Brazil Political Drama Part Dois


Charles Wilson, PhD

Markets cheer push to impeach Dilma, but the rallies strike us as premature.


Since we last wrote about Brazil, its political and economic troubles have continued to unfold in dramatic fashion. In late November, a prominent local businessmen, Andre Esteves, was arrested, proving once again that Operation Car Wash, which has uncovered billions of dollars in illicit kickbacks, knows no bounds. His preemptive arrest enables the prosecutor to build his case while Esteves is held in custody, a peculiar arrangement specific to Brazilian prosecutorial law. The recent events have lead to a disruption of the meta-stable equilibrium in the country’s political house of cards. The charges against Esteves initially focused on obstruction of justice related to possible witness tampering, and at first seemed isolated to Esteves, with no connection to the bank. But then wire transfers were discovered from the bank to a familiar face in the ongoing drama, Eduardo Cunha, the Speaker of the lower house of Brazil’s Congress. He has been the target of an ongoing investigation related to multiple alleged bribes discovered in Operation Car Wash. Cunha had allegedly used his influence as Speaker to delay the impeachment proceedings against President Dilma Rousseff in a presumed effort to save himself from prosecution by striking an awkward deal with Rousseff’s party, even though they were political adversaries. With the new charges, he returned to his fellow opposition party members for support, which compelled him to push forward the impeachment proceedings involving alleged fiscal malfeasance.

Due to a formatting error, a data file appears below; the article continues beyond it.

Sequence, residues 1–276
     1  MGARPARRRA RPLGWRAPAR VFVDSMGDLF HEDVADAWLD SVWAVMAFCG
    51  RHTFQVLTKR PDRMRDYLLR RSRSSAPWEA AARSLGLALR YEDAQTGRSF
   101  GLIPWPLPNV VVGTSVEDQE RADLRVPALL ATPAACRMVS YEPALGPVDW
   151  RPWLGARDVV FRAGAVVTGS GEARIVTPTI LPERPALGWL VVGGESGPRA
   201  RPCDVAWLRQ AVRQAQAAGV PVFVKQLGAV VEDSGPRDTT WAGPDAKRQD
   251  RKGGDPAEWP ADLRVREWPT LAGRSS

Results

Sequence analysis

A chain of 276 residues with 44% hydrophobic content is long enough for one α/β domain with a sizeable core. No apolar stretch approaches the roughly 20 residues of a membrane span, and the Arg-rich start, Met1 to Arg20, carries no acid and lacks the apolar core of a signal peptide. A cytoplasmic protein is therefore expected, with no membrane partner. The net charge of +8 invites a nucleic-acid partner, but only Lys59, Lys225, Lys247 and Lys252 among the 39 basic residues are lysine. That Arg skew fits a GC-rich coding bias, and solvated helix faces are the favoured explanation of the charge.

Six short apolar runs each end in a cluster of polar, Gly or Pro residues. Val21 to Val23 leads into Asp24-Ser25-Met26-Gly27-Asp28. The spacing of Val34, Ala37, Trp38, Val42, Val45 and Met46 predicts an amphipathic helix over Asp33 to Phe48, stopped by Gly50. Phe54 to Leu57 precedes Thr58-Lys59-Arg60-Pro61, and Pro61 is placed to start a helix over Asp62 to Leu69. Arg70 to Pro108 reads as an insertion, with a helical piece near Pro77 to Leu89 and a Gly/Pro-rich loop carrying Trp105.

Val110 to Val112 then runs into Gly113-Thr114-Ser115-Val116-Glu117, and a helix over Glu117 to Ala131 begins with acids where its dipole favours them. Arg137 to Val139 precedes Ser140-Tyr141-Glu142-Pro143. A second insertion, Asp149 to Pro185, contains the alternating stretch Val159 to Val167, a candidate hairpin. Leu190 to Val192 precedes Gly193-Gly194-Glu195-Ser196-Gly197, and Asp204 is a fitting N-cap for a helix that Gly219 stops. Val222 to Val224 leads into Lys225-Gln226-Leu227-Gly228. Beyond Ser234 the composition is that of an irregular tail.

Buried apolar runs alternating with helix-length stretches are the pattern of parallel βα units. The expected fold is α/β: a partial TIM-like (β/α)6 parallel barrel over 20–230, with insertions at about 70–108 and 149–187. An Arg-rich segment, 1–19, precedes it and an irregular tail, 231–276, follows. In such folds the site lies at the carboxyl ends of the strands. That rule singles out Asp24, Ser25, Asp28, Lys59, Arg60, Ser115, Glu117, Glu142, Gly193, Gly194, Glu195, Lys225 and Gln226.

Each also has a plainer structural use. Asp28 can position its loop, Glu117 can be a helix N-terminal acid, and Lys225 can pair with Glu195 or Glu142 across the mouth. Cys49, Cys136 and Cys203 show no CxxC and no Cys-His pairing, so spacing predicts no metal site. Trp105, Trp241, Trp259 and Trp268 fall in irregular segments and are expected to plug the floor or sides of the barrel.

I was in Brazil last week, when the release of third-quarter gross domestic product (GDP) data revealed a greater-than-expected 1.7% quarterly and 4.5% annual contraction that compounded declines in the previous two quarters. Some pundits are now speaking of an economic “depression” in Latin America’s biggest economy. I queried a wide array of business leaders, policy makers, economists and analysts about Brazil’s political and economic plight. Markets celebrated the potential end to political uncertainty, with Brazilian stocks jumping and the currency gaining against the dollar. But there’s significant cause for caution. Dilma’s popular support has fallen precipitously over the last 18 months, but so has broader support for the government in general, diluting a popular push for impeachment. Secondly, the strength of the governing Workers Party (PT) in the lower house means it can likely block or at least slow impeachment proceedings in a bid to run out the clock on her second term, which ends in 2018. The recent developments in many ways lead us back to square one--political paralysis, which we fear is the worst possible outcome. Brazil still faces rising unemployment and inflation, a benchmark interest rate at a towering 14.25%, shrinking investment and household spending, downward revisions to GDP decline estimates, likely additional sovereign credit rating downgrades, and further downside to the currency. Meanwhile, the urgency of fiscal adjustments is running up against the increasing difficulty in the consensus building necessary to tackle it and all the other economic challenges. We need more clarity about Brazil’s path forward before we can become optimistic about the outlook, so the recent rallies in Brazilian securities look premature to us.

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